Friday, February 15, 2013 9:49 AM
The Hard Drives I am getting separately apart from the basic install of the two 600GB ones that you have to get with the server. (all others are additional price)
I have already quoted for a separate Server2008R2 license - however I am confused about the Premium. Everywhere I look for the premium addon it seems far more expensive than the Server 2008R2 on its own. (I have always assumed this is because of the SQL software included which they wont be using).
SBS2011 comes naturally as an OEM with the server. However I have looked for retail licenses, just now, for SBS2011 and can't see where they would be obtained from? To be hoenst different hardware isn't going to be an issue for the company as the server should last them longer than they will want to use the software, and if there is a server break down after the warranty period it is likely the infreastructure will be in place for the cloud styled solution 2012 wants.
Thanks for confirming *gb will handle Server2008R2, I had the same thought about the fact that there is less workload so it should handle it, I just wanted someone to confirm.
The backup? - The trouble with the company is they have over 2TB of data combined. So if i put all on the SBS server I then have to deal with different backup software which adds another £500 to costs, then I also need to deal with Hard Drives to backup to that are bigger than 2TB which I just give up with pre-2012, since all this hassel of the 512e and 4k and the fact the only 2 OS's that support 4k properly is 2012 or 8. And the other effect that backing up to over 2TB drives has a support issues I've seen like it backs up but 't restore , or doesn't do either. So as sbs2011 is serv2008r2 based I;d just like to avoid this headache.
Also the company doesn;t want to feel they lost out on the old spec server so they want to make a good use to it. Plus with Sage issues (one thing that was slowing the network down for most users and is only used by 2) thats why I thought moving all to a second server would be a good idea for the shared files and sage.
How does the inbuilt backup work? whats so bad about it? I have not had chance to use a server backup software. Doing local backups is fine, they are used to swapping a Hard Drive every day and keeping 3 offsite, (5HDD rotation). So any advice or issues on using the inbuilt backup would be greatfully received. Surly it has to be down the line of the SBS backup, as doesn;t the SBS console just give a simplified version of 2008R2 backup?
What do you mean by 2nd server options?
Friday, February 15, 2013 9:50 AM
Hi Super, thanks for the advice, we are staying away from HyperV at the moment until I personally have more experience in this and the client is prefering to have a 1 server 1 os situation at the moment. Thanks so much for the advice here on this, its just that choice at the moment.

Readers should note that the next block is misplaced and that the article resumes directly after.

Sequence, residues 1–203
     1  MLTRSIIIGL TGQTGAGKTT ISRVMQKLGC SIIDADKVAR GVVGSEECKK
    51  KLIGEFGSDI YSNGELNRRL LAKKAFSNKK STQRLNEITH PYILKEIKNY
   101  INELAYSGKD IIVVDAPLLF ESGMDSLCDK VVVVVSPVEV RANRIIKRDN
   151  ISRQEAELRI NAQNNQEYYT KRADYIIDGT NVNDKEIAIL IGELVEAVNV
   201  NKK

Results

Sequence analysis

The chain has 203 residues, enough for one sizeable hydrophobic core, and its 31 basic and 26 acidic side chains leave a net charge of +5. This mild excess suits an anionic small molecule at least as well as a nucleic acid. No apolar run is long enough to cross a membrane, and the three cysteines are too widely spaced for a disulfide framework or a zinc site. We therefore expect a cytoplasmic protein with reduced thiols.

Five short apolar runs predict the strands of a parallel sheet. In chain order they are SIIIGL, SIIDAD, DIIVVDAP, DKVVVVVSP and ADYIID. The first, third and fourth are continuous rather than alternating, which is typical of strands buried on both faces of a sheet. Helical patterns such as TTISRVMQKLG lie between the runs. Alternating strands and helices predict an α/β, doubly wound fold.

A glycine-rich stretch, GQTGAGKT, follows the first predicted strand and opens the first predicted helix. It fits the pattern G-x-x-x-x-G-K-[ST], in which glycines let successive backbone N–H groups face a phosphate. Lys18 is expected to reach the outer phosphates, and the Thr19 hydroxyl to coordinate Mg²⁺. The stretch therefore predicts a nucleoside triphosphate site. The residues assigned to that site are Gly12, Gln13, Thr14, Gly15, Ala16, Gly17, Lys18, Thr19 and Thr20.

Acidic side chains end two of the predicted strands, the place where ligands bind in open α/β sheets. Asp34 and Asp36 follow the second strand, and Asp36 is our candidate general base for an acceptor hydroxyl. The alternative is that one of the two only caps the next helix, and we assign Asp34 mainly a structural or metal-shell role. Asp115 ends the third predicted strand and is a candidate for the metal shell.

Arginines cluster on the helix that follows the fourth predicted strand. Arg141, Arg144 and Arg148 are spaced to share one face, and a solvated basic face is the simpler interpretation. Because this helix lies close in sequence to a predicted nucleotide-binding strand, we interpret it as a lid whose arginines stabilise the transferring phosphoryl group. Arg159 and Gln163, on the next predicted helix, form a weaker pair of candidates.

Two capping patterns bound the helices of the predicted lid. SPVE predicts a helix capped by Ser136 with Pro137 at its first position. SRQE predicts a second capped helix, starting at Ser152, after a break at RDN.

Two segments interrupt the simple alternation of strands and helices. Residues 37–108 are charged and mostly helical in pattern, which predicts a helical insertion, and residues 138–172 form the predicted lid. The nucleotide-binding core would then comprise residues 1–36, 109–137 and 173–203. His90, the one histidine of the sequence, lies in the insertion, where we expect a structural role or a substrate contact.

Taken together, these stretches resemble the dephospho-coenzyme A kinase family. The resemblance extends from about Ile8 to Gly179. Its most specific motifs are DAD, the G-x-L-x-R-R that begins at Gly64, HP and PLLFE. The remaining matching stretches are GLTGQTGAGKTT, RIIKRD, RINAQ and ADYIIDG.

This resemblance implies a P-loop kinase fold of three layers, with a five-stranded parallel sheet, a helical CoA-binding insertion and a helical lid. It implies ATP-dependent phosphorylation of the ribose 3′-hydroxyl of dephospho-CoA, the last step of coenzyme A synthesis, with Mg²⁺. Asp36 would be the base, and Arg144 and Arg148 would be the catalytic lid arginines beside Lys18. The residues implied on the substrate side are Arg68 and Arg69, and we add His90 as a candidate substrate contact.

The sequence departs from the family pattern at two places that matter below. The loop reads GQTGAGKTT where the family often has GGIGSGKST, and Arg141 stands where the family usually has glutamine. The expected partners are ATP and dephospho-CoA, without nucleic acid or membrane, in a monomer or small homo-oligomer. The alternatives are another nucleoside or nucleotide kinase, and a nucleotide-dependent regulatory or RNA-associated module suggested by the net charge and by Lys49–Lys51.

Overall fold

Saturday, February 16, 2013 9:45 PM
I recently took SG's advice on a server re RAID config. Went for 6xSAS R10, and divided into 3 or 4 sensible volumes. So simple to setup, no worries about locating log files seperate to databases, and performance is excellent.
Premium add-on, yes the 2008r2 license and sql license are the main components, but the Hyper-V/virtualisation is most techie's biggest attraction from what I can understand. I have avoided this to be honest, as its over my head, but I have still purchased the prem addon to give the flexibility in the future. I always justify the cost with the "what if" scenarios, its a couple of hundred now, or £1000's later. In your case, use the old 2nd server as the bargaining chip. Great to utilise the old working hardware, and not jump in with virtualisation if your not ready, but when that server is a couple of years older, and your wishing you could do away with it you can - because you could still virtualise everything back to the main server.
My limited understanding of the virtualisation side of things is that the biggest benefit is, being able to pick up the virtual machine and put it on another virtual host within minutes, but this breaches the OEM terms (I stand to be corrected on this). I always consider OEM to be only as good as the warranty of the server, so usually opt for 5yr NBD, but this includes all the drives and RAM (going back to my last post). That way you don't have to worry about sourcing 5yr out of date compatible disks in a hurry.
2011 is available retail. eg here Bluesolutions , sbs2011 std is at the bottom.
Nothing wrong with the 2008r2 backup, it'll backup the server quite happily, but its not so end user friendly as the sbs2011 backup, not sure you can send email notification and the likes from it even (I stand to be corrected - I have only used it occasionally).
If you haven't used the SBS2011 backup before, when you add you additional drives to the rotation (they have to be added as usable media and formatted accordingly) you must keep the 1st drive connected when you add each additional drive to the available media, if you don't do this the add media wizard fails.
Re backup 2nd server options - I was referring to 3rd party backup softwares that you can have a 2nd server managed and/or backup to the main server. As per my own post re backup softwares that you've responded to I believe, the problem here is the cost.
PS. I've had performance issues with newer versions of Sage over a network on brand new hardware, dreadful software! Thankfully most of my customers run in locally and backup daily to the server. Another possibility here is of you were hosting sage and RDS on a 2nd server (physical or virtual) you could install it on the RDS as a remoteapp, and simply have a shortcut to it on their PC's, avoiding network performance issues.
- Edited by I_miss_WinXP Saturday, February 16, 2013 9:55 PM